Jennifer Riggins (@jkriggins) and Rich Gall (@richggall) talk with Nikema Prophet, Community Marketing Manager at Armory, about how she fought her way into tech. Nikema recounts the ups and downs of getting started in the industry, including the challenges she faced as a founder, and discusses some of the benefits and drawbacks of going through a bootcamp route. We talk in depth about Lambda school and Nikema gives her perspective, providing useful insights for anyone interested in taking a non-traditional route into the tech industry. It adds additional context to some of the stories that have emerged in recent years, with a group of students suing the bootcamp, and a report that its placement rate is much lower than claimed in its marketing material.Nikema also talks about landing her job at Armory, explaining how she's approaching learning about a new tool and new community, and discusses why she believes its important to bring your authentic self in your writing, even when creating technical tutorials. Follow Nikema on Twitter: @dev_nikemaFind out more about Nikema's work and links to her writingLearn more about Nikema's book:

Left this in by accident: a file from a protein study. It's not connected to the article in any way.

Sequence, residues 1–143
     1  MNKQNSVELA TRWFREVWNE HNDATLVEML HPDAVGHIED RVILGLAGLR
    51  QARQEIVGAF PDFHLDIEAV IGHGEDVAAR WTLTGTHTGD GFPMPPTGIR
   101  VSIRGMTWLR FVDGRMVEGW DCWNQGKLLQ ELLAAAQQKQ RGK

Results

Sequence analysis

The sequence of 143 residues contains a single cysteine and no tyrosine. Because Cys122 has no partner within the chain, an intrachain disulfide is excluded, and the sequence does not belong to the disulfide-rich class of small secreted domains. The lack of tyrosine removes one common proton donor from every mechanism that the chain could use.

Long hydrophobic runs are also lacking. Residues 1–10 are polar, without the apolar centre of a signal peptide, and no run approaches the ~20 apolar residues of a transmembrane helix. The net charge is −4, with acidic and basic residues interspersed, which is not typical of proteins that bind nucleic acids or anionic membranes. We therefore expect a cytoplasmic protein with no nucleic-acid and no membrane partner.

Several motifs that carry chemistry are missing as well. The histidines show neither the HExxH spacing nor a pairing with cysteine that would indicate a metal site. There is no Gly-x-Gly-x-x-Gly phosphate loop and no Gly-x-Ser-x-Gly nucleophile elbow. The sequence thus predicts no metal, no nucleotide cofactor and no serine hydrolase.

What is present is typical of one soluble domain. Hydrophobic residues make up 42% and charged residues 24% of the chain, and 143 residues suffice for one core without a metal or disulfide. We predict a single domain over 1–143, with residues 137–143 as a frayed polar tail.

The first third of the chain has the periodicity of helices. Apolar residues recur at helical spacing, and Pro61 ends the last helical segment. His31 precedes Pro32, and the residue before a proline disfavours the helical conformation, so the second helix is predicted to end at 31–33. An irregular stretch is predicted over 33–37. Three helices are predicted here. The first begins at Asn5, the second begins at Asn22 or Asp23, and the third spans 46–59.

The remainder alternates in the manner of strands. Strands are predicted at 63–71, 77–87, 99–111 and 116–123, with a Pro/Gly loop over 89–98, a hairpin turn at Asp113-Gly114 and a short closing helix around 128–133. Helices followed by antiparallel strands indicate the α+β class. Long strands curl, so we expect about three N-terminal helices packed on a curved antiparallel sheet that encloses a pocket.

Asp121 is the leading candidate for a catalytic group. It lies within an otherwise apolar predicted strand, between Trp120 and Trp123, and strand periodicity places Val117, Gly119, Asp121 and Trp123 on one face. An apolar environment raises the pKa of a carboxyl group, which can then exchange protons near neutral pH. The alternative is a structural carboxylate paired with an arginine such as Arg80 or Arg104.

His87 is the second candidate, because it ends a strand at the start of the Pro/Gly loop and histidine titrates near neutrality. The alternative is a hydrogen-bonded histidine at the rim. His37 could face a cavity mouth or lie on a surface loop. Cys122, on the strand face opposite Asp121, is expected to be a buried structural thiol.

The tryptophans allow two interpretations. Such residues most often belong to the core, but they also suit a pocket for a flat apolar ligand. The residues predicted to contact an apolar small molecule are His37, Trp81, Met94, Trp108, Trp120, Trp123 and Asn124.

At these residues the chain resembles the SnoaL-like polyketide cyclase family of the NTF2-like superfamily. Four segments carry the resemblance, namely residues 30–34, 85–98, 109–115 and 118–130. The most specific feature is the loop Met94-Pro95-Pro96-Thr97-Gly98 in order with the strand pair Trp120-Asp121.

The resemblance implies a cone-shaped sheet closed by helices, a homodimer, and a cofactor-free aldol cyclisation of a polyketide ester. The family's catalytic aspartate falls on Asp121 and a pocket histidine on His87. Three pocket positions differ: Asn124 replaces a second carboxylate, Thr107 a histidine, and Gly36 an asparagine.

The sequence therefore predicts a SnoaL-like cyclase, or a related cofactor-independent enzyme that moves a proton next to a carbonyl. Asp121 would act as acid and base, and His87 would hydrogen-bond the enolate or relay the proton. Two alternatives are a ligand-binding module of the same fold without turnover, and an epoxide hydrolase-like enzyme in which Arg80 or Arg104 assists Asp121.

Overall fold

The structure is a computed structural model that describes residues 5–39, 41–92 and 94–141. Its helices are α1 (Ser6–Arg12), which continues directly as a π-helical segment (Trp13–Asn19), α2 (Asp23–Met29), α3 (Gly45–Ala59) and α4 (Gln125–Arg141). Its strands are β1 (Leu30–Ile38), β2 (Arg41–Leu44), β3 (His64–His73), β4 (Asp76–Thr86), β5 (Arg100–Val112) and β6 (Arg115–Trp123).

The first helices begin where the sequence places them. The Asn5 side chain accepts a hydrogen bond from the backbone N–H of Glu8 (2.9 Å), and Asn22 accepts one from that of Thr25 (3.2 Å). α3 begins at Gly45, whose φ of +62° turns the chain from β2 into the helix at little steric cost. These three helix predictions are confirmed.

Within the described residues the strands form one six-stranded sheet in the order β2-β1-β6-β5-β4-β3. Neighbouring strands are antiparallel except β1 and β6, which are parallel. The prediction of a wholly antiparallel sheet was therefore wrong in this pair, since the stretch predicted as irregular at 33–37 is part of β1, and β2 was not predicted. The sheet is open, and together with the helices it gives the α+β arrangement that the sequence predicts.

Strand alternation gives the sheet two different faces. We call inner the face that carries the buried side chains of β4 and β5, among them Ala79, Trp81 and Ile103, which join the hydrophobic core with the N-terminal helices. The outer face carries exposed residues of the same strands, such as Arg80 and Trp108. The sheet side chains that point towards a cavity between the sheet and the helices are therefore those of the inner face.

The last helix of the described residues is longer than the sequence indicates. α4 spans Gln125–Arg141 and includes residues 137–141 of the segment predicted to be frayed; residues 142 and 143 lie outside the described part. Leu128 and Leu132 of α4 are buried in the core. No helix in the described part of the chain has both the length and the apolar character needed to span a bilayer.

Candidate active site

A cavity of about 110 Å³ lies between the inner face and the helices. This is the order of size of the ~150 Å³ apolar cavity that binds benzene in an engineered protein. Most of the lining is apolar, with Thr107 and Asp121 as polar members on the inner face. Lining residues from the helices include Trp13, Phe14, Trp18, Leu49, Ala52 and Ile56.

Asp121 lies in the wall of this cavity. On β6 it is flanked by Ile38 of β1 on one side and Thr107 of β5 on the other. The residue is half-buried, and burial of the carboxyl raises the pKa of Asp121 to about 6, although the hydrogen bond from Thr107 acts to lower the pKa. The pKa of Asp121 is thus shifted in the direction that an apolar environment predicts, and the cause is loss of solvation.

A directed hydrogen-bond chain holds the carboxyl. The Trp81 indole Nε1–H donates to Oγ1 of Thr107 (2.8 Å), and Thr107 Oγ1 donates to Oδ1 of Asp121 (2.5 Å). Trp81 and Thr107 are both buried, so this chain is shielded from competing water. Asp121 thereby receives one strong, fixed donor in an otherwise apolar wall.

Rich Gall (@richggall) and Jennifer Riggins (@jkriggins) talk to Matt Broberg, Managing Editor of Red hat's Enable Architect publication, about how Red Hat uses content and storytelling to support and engage with a broad community of software architects, engineers and sysadmins. Matt talks about how he got into content marketing and editorial after starting his career working with databases and servers, and also explains how his time in college - where he studied the interesting combination of computer science, philosophy, and psychology - helped to inform his perspective on the work he does today. Matt also explains how Red Hat uses content more broadly as a strategy for building a community, before discussing how Enable Architect came about. It's a good case study for anyone interested in content marketing and marketing to technology professionals. He also gives Rich and Jen an insight into the way he works, waxing lyrical about Notion, and describes the habits that help him to stay up to date with what matters in the industry and to the Enable Architect audience.Follow Matt on Twitter: @mbbrobergCheck out Enable ArchitectRead one of Matt's favourite pieces: How Ansible brought peace to my home